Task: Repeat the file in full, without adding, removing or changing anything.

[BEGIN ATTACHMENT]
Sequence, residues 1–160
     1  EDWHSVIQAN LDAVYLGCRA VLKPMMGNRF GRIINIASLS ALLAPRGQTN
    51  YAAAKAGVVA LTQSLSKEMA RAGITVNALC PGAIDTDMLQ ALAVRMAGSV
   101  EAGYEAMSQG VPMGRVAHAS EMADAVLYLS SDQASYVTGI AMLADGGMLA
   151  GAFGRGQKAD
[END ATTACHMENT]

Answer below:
Sequence, residues 1–160
     1  EDWHSVIQAN LDAVYLGCRA VLKPMMGNRF GRIINIASLS ALLAPRGQTN
    51  YAAAKAGVVA LTQSLSKEMA RAGITVNALC PGAIDTDMLQ ALAVRMAGSV
   101  EAGYEAMSQG VPMGRVAHAS EMADAVLYLS SDQASYVTGI AMLADGGMLA
   151  GAFGRGQKAD